UK: Competitors from across the UK are being invited to make a splash at the World Puddle Jumping Championships, being held at Wicksteed Park, Kettering, the home of children’s play.

But they will have to really “give it some welly” to defeat World Champion Lucy Chapman, seven, from Kettering, who won the inaugural championships last year and is already in training to retain her crown. The event – part of a free PlayDay on Wednesday October 29 – is part of the park’s drive to encourage children – and adults – to get out into the fresh air and have fun.

The park was founded in 1921 by Charles Wicksteed, who invented the modern day slide and swing, as part of his vision to inspire and encourage play as part of families’ health and well-being.

A special series of championship-standard puddles are being created at the park and competitors of all ages will be encouraged to jump in and make a splash, with the competition starting at 11am. Judges will give scores based on things such as height of jump, enthusiasm, distance of splash and stickability (the amount of mud which clings to each competitor).

But the majority of marks will be given for the size of a competitor’s splash!

Lucy still has the inaugural World Championship trophy by the side of her bed and has been practising her puddle jumping technique on the way to and from school and at weekends.

She said: “I loved competing last year and it was amazing to be allowed to jump in puddles and make a massive splash without being told off for getting dirty.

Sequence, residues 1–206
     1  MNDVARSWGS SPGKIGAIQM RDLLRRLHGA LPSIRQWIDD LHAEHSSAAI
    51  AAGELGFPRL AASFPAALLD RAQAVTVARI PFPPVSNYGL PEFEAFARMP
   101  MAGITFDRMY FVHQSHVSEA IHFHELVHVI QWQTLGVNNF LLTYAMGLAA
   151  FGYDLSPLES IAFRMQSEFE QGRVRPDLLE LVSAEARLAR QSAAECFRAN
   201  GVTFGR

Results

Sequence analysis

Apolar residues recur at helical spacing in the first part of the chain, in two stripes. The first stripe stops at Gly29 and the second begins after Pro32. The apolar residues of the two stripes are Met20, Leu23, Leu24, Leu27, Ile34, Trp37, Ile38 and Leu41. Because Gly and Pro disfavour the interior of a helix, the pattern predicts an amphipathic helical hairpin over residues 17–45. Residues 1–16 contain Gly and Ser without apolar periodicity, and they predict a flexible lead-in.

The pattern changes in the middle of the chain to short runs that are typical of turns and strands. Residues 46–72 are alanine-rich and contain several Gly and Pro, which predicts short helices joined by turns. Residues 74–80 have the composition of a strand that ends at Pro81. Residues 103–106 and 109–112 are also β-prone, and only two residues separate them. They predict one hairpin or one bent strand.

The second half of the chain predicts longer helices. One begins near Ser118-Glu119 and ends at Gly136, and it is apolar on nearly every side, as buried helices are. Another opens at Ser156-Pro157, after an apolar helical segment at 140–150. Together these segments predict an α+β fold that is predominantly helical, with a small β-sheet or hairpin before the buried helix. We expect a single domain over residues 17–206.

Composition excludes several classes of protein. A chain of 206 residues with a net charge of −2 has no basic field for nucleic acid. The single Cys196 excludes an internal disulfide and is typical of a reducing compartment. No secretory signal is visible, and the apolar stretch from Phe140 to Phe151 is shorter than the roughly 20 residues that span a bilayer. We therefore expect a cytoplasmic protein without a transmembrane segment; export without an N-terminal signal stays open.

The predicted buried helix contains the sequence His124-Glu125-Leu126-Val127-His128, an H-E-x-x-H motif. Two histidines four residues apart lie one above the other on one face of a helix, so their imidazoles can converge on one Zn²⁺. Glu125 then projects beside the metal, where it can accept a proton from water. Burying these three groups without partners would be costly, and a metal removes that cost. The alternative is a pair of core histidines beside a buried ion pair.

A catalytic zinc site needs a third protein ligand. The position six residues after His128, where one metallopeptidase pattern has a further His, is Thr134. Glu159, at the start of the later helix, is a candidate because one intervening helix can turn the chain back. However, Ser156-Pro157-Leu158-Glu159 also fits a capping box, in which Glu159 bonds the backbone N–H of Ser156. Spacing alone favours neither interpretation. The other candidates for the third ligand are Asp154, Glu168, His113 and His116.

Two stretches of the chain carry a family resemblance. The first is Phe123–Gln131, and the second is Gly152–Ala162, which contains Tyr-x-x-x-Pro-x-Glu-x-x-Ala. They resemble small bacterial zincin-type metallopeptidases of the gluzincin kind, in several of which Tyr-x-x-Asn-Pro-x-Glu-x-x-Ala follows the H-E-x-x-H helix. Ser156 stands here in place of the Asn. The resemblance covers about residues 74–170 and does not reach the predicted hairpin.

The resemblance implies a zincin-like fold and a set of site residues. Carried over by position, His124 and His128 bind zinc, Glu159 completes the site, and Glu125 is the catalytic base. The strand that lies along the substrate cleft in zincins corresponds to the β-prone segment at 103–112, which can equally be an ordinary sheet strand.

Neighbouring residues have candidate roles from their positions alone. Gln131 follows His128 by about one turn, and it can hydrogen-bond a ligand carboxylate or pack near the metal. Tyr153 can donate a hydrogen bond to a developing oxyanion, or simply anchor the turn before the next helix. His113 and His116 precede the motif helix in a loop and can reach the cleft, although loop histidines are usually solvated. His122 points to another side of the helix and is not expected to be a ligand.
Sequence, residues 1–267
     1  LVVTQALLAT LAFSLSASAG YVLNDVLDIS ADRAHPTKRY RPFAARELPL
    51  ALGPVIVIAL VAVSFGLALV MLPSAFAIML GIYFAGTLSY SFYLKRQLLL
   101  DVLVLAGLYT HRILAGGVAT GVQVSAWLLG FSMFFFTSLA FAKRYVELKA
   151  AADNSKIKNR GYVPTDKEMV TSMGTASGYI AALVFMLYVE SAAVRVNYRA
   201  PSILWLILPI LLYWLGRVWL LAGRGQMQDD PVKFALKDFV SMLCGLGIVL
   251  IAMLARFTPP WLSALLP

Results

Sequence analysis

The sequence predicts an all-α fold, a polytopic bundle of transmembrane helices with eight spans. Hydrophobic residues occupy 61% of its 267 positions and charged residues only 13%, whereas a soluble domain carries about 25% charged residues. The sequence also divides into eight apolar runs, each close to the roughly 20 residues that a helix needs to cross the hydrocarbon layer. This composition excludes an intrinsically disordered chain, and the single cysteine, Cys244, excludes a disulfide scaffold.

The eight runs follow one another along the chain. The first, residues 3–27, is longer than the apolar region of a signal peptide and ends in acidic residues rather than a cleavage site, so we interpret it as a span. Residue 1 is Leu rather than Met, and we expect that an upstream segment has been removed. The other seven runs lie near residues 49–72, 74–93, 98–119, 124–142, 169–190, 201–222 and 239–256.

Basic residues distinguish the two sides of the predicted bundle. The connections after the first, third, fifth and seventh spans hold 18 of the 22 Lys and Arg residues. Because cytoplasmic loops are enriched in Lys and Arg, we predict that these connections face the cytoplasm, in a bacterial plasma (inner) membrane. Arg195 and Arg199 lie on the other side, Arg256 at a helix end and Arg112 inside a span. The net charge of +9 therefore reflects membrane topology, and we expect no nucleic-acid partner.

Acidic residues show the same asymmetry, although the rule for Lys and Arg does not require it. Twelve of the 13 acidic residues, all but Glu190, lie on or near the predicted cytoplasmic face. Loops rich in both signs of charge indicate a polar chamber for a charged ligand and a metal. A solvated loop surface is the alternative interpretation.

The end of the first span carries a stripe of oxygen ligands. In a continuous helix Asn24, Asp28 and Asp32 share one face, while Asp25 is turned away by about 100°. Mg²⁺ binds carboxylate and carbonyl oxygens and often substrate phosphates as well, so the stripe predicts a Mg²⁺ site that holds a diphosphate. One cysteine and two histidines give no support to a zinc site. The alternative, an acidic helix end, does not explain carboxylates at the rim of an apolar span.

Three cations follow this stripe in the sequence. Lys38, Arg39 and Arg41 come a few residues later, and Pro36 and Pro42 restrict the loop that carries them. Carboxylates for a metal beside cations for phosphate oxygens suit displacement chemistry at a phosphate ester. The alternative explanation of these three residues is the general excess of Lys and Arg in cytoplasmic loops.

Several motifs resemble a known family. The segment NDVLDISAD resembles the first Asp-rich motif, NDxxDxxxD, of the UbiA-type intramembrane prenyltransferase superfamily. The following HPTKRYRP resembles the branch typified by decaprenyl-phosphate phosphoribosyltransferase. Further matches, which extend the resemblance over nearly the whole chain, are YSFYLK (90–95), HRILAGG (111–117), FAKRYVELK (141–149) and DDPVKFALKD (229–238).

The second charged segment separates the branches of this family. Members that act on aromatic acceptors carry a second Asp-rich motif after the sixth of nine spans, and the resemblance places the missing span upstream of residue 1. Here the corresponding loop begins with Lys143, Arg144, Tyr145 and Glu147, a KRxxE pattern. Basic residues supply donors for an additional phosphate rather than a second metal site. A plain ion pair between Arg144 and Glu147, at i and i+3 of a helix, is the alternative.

“I couldn’t believe it when they said I’d won but it was a brilliant feeling so I’m going to try even harder to win again this year.”

The PlayDay will also include other free activities such as a petting zoo, mud pits, kite flying, a leaf mountain, a straw bale play area and arts and crafts.

Wicksteed Park Managing Director Alasdair McNee said: “Many children are familiar with puddle jumping through the TV cartoon Peppa Pig but this is their chance to have a go for themselves.

“Charles Wicksteed wanted to give something back to the community by encouraging them to lead a healthier lifestyle.

“That ethos applies just as much today and we think puddle jumping and the Play Day event is a great way to do that. The inaugural championships last year had more than 300 competitors of all ages, which shows that fresh air and exercise can still play a massive part in children’s lives.”

Wicksteed Park has just undergone a £3million lake restoration project funded by the Heritage Lottery Fund to further encourage people to enjoy its 147 acres of countryside.

In his 1928 book, A Plea for Children’s Recreation after School Hours and after School Age, Charles Wicksteed outline his ethos when he: “I have good reason to believe that the park I have formed has changed the lives for the better, to a greater or lesser extent of thousands of children.

“I have direct evidence from mothers how whining, pale-faced children, complaining of any food they get, have come back with healthy faces and rosy complexions, ready to eat the house out after a good play in the playground.”

The beautiful country park, one of the oldest in the UK, combines a wide range of attractions for all ages with the largest free playground in Europe.

The popular visitor attraction combines rollercoasters, rides and attractions with the tranquility and relaxation of an historic grade II country park and a nature reserve run by the Wildlife Trust.

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